Chrissie Foster, whose daughters were raped by a Catholic priest, and Peter Gogarty, who is taking his fight to The Hague, say the church should hand over its secret documents.
Senior figures in the Catholic Church from around the world will gather at the Vatican on Thursday for a four-day summit on the clerical sexual abuse of children.
Australian survivors and advocates for victims say their expectations are low and are demanding the Vatican hand over secret documents detailing paedophile priests.
Two of Chrissie Foster’s daughters were repeatedly raped by a priest at their Catholic primary school in suburban Melbourne.
Katie Foster struggled to deal with the abuse, becoming a binge drinker. She was hit by a drunk driver in 1999 leaving her with physical and mental disabilities.
Her sister Emma took her own life nine years later.
Ms Foster believes the summit in Rome is unlikely to see any major changes to church policies enacted.
“I don’t have any hope of anything concrete coming out of it,” she told SBS News.
“I think a couple of indicators are recent announcements by the Pope, one was last October; where he said that the Catholic Church was under attack by the ‘great accuser’, the devil.
“It seems something ludicrous to say. You can’t arrest the devil, or put him before a court, put him into jail, whereas we have real clergy who are sexually assaulting children and they don’t even get a mention.”
In his 2018 Christmas address, Pope Francis demanded priests who raped and molested children turn themselves in.
Ms Foster, one of Australia’s highest profile advocates for abuse victims, doubts the speech had any effect.
“I wonder how many have done that since he said to. I doubt there’s any. I feel that if the Pope was serious about this, he would ask every bishop in the world to hand over their secret archives, their files on offender priests, over to police. That would mean something.”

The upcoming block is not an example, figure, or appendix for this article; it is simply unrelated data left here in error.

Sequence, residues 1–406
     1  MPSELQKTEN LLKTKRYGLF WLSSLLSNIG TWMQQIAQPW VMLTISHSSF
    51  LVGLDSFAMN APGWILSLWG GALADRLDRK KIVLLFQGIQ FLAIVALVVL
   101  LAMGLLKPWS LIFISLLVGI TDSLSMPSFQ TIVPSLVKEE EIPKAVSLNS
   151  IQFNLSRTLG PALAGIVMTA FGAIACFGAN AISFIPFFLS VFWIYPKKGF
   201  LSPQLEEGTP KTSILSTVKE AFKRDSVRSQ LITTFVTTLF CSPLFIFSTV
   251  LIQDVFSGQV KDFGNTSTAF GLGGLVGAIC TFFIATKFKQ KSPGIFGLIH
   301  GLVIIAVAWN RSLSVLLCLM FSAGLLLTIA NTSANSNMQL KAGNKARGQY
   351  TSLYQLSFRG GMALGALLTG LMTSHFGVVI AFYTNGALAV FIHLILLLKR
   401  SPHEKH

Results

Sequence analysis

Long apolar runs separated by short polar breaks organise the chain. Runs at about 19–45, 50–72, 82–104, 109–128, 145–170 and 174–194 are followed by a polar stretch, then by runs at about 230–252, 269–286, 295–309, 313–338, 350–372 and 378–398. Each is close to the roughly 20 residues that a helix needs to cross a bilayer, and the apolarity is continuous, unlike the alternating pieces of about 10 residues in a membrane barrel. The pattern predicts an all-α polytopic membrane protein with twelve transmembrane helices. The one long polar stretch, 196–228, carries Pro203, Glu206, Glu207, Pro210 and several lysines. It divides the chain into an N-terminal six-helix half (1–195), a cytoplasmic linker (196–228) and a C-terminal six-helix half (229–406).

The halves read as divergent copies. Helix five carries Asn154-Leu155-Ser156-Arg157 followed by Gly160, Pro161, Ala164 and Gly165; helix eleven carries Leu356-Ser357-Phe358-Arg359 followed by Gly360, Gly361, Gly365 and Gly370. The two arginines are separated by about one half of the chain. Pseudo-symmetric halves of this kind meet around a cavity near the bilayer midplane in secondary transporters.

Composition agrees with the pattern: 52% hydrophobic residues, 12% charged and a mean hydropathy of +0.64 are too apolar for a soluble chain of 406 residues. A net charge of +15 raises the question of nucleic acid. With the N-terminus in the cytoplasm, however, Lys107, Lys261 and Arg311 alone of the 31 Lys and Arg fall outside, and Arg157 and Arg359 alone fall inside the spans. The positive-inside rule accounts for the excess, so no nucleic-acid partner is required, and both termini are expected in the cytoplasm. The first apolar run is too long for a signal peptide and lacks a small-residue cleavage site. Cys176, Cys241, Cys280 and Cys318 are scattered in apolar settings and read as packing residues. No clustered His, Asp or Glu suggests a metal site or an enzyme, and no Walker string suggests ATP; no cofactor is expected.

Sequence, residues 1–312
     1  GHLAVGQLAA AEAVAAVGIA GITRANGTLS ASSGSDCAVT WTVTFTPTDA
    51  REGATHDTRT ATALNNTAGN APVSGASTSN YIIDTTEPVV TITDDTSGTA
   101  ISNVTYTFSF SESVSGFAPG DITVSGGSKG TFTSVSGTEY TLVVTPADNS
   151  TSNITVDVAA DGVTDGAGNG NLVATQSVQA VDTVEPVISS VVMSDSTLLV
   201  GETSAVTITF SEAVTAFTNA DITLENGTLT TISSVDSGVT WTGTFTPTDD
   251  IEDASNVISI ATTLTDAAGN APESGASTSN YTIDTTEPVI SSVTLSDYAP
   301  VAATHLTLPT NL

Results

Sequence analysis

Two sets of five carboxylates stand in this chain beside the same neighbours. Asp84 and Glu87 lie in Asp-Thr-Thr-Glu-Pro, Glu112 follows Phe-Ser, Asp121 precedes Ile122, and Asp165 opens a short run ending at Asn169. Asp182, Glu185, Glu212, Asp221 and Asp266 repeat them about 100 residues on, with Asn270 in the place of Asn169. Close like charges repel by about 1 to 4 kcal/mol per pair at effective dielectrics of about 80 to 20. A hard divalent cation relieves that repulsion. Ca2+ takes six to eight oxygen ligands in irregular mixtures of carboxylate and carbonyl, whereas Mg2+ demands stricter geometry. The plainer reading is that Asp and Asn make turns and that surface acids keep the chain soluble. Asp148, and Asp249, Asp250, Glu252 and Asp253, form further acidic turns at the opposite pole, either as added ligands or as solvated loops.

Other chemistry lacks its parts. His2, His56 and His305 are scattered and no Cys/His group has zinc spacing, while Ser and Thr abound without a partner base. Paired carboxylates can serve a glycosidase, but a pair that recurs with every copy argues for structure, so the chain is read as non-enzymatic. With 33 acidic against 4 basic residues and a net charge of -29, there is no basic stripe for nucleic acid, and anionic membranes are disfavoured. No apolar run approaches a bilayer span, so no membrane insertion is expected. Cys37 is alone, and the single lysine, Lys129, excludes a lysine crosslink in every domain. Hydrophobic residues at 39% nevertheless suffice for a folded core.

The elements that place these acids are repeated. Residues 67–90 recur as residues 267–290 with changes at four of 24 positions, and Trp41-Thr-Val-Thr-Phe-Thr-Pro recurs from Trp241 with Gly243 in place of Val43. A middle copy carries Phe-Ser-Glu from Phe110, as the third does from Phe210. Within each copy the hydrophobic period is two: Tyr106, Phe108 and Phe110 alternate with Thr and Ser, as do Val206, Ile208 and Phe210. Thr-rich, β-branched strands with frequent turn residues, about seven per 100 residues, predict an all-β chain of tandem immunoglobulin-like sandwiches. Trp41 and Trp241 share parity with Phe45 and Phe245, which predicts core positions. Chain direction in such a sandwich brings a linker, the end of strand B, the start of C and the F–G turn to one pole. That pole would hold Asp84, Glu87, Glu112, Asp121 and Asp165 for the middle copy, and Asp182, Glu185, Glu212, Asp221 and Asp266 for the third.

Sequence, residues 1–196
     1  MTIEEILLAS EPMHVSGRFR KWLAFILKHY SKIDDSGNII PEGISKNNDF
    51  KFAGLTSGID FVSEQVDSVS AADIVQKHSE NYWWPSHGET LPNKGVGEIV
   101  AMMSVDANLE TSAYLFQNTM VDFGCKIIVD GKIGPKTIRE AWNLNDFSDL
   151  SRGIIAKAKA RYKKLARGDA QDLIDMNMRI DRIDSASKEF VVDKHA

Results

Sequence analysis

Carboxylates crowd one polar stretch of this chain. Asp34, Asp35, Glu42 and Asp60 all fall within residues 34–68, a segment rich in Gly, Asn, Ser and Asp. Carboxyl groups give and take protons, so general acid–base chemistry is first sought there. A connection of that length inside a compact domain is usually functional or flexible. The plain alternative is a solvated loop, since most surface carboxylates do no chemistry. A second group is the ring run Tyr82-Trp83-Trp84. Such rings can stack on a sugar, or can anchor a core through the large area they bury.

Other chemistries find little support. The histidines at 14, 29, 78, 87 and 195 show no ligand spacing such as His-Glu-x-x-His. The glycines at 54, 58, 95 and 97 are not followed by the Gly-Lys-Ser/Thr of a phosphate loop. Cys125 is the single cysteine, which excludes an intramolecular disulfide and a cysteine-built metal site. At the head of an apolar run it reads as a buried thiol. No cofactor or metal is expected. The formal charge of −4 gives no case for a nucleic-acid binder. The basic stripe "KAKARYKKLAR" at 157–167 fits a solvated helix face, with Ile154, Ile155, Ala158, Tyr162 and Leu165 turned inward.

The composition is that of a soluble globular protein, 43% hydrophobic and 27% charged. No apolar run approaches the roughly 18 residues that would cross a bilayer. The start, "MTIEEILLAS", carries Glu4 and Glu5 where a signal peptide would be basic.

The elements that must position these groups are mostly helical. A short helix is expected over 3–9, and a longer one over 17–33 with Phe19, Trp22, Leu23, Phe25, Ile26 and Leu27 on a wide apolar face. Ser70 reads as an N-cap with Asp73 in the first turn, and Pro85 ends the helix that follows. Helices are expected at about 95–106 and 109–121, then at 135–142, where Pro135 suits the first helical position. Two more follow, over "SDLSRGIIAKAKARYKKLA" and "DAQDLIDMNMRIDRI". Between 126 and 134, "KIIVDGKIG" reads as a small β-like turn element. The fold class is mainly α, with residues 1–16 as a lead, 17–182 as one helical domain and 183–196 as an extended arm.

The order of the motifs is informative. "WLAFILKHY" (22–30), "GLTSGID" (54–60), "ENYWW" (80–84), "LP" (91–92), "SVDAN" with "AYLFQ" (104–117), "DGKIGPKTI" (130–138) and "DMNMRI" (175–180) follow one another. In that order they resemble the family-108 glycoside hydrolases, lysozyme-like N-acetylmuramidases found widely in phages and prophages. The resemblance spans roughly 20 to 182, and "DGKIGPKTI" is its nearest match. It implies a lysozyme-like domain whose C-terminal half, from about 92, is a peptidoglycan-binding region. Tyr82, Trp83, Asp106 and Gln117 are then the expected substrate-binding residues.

If the Pope was serious about this, he would ask every bishop in the world to hand over their secret archives.
- Chrissie Foster, Abuse victims advocate
Current Vatican guidelines call for bishops to report abuse to police in countries where the law requires it, a technicality that has infuriated survivors’ groups.
In NSW, Newcastle man Peter Gogarty will be watching proceedings at the Vatican closely.
He was abused by a priest from age 11. His battle for justice has lasted decades and continues today.
Late last year he submitted documents to the International Criminal Court in the Hague, asking for the Catholic Church to be investigated for crimes against humanity.
“I consider myself an optimist, I’m always hoping for the best with these things, but having said that I’m not overly optimistic that anything meaningful will come from the summit,” he said.
“We’ve had a lot of talk from the Vatican and the Catholic Church before and we still haven’t seen a lot of meaningful action.”
In December, the summit’s organising committee sent a letter to attendees, instructing them to speak with abuse survivors and their families before travelling to the Vatican.
“The first step must be acknowledging the truth of what has happened,” the document read.
“For this reason, we urge each episcopal conference president to reach out and visit with survivors of clergy sex abuse in your respective countries prior to the meeting in Rome, to learn first-hand the suffering that they have endured.”
Neither Ms Foster nor Mr Gregory have been contacted.
“I’m not the only child abuse advocate in New South Wales or Australia that’s for sure, but absolutely nobody, our local bishop included, has made any attempt to talk to me about what this summit should be aiming to achieve,” Mr Gogarty said.
“I do have views on it and I have tried in the past to work with the Catholic Church and be positive about that, so I’m disappointed.”
The Australian Catholic Bishops Conference told SBS News it meets with survivors regularly, but details of the conversations are private. The group’s president, Brisbane archbishop Mark Coleridge, will be attending the summit.
While the conference will likely be one the most covered events at the Vatican since the last papal election, Pope Francis has sought to downplay expectations.
During his Sunday message in Rome, he said the prevention of child abuse was “an urgent challenge of our times” but recently told reporters “We have to deflate expectations, because the problem of abuse will continue, it is a human problem.”
Ms Foster questions the Pope’s commitment and that of senior bishops across the globe.
“They are not equipped to deal with it, because they haven’t dealt with it. This scandal erupted in the US in the 1980s, there’s been a long history of exposure of this crime and a long history of them blaming this person, blaming that person, blaming journalists, blaming the devil, blaming the victim.”
“Any apology from them has only been through public pressure, via the media, and they’re forced into it. It’s not something that’s coming from them, it’s not a changed heart, it’s not a realisation. There’s none of that. They’re still waiting for it all to be over, to carry on.”
Readers seeking support can contact the following services:
Sexual assault, family & domestic violence counselling: 1800respect.org.au / 1800 737 732
Adults surviving child abuse: blueknot.org.au / 1300 657 380